Dancing in Time
Walking through the park yesterday evening I was discussing the state of elementary mathematics education (up to the end of secondary school). A rough calculation indicates that, when a student enters the infants’ school at the age of five, about 1400 hours of mathematics education lies ahead of her before she leaves high school. That’s the equivalent of 168 eight hour days or about 6 months full time, at least the first half of which occurs when the child is at her maximum rate of learning.
In that time we have three types of mathematics to teach:
- maths which is useful, indeed essential. That must include the basic operations on the positive and negative integers and fractions.
- maths which, while perhaps not useful per se gives the child a good grounding in logical thinking
- maths which is inspirational and will lead the child to choosing mathematics as a career
The question is how we do, and should, divide the 1400 hours between these three types.
To attack this question, consider something which seems to absorb an inordinate amount of secondary school time: solving quadratic equations firstly by factorisation and then by formula. Into which of my three categories does it fall? Certainly I can’t think that, other than for specialist mathematicians or engineers, it’s particularly useful and specialists could learn the formula in an hour later in life. Solving by factorising could possibly be considered an exercise in logical thinking (“two things multiply together to give zero, so one must be zero” ) but that doesn’t seem to be the way it’s taught (I need to say here that I’m not a maths teacher, I’m extrapolating from the experience of my children and the children of friends who come to me for extra tuition). And I think I would be hard pressed to find solving quadratic equations as being inspirational unless it were extended to the break with formulae between quartics and quintics and a touch of Galois in the night.
Another example of lost time seems to be the teaching of trigonometry from right-angled triangles. I teach aviation groundschool and even those students just leaving high-school have no clue that trigonometry can be applied to calculate the cross-wind component when the wind is blowing from 230 degrees at 20 knots and we are landing on runway 25. As they don’t even associate trigonometry with this calculation then I’m not sure what they’re being taught.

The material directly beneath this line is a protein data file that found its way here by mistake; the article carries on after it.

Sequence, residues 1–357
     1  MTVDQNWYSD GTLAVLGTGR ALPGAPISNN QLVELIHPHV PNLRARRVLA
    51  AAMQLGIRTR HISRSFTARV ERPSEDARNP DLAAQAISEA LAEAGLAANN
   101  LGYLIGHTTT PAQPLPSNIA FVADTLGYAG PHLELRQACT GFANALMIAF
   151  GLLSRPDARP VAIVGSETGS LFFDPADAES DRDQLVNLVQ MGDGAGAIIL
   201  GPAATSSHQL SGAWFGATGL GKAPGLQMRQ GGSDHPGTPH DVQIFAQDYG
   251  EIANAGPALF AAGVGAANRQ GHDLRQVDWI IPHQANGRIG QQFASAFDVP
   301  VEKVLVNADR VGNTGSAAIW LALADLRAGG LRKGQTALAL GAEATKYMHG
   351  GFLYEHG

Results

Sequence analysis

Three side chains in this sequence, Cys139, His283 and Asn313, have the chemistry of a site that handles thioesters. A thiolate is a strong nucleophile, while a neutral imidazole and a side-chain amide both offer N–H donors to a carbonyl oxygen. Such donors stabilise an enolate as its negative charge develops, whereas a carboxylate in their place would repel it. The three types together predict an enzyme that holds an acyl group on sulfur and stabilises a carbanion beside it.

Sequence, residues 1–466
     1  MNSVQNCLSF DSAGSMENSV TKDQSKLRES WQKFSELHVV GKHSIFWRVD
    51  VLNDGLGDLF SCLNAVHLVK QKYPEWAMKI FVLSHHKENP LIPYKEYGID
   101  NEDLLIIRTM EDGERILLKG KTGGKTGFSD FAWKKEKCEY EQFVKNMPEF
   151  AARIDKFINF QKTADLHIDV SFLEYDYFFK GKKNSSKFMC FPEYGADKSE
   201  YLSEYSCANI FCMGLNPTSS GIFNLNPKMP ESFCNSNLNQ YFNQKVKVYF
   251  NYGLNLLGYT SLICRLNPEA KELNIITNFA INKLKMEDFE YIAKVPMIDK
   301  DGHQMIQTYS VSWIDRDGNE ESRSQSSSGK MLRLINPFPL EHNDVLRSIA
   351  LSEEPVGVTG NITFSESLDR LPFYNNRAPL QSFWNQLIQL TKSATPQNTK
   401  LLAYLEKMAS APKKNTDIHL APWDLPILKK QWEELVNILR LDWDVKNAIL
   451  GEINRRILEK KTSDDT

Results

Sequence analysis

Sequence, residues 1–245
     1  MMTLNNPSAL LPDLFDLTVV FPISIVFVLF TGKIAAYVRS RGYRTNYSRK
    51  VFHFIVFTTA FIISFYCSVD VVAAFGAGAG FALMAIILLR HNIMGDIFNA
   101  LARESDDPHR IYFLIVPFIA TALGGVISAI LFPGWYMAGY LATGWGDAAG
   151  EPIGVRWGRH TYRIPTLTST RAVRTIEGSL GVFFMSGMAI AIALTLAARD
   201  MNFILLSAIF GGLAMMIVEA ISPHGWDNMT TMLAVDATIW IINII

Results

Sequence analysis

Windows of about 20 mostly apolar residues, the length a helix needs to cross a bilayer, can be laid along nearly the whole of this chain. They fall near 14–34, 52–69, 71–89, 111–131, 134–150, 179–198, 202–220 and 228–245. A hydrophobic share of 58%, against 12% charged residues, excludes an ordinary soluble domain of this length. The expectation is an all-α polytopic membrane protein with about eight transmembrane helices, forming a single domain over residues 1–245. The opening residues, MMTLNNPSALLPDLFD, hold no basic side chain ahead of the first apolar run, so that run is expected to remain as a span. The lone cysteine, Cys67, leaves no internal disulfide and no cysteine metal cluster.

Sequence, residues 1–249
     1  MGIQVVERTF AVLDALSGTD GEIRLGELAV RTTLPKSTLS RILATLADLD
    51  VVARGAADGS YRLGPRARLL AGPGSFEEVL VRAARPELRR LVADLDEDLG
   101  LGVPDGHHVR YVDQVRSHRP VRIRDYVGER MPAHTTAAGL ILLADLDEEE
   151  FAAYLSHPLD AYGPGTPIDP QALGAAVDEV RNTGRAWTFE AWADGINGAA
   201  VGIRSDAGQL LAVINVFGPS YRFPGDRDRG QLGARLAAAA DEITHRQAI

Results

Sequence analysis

So, what proportions do we need of my three categories? At least initially much will have to be the useful: counting, integer arithmetic, etc. although there seems to be no reason why finite fields could not be introduced through multiplication tables very early on. Remember that children are at their most receptive at this age but, to be conservative I would accept that, for the first 4 years at least 70% of the work will have to be “because it’s necessary”. Thereafter that will probably drop to 40% and tail off to zero by the age of 15. That gives about 600 hours (or 75 full eight hour days) to essential and useful mathematics which intuitively seems to be fine. Of course, a lot of that could be taught in such a way as to extend the child’s thinking abilities but let’s keep things simple.
That means that we have about 800 hours left to teach the inspirational and “thought process” mathematics and the obvious question is what should be taught. Certainly elementary group theory (or groupoids if you prefer) should be accessible to anyone and the basics of calculus taught graphically should extend the thought processes. Number theory could introduce the children to a lot of unsolved problems to break with the traditional view of all mathematics being solved, mostly by ancient Greeks. Trigonometry as series rather than as the ratio of the sides of a right-angled triangle would be interesting. It seems impossible to fill 800 hours with this though.
So what about calculators and computers? Where do they fit into this syllabus? I’ve always thought it a shame that most children have no idea what most of the buttons on their calculators actually do. Looking at my own calculator, I see buttons for nCr, nPr, n!, standard deviation and log which could be easily explained.
Anyway, how can we get quadratic-free schools? I assume that there is, in each country, a centralised curriculum defined by a team of experts who have decided that solving quadratic equations by factorising (and what proportion of quadratic equations actually factorise; without sitting down and doing the work I assume that almost all (in the strict sense) won’t) is more important or more useful than, say, knowing the elements of number theory. How does one reach these experts?
There is, by the way, a fascinating snippet from Ma and Pa Kettle Back on the Farm (1951) on the Mathematics under the Microscope blog at the moment where Pa proves to at least his and his wife’s satisfaction that a fifth of 25 is 14. What’s interesting, apart from the original arithmetic, is that they assume that everyone knows that multiplication is repeated addition and how to do long division. I wonder whether that scene would have the same effect today.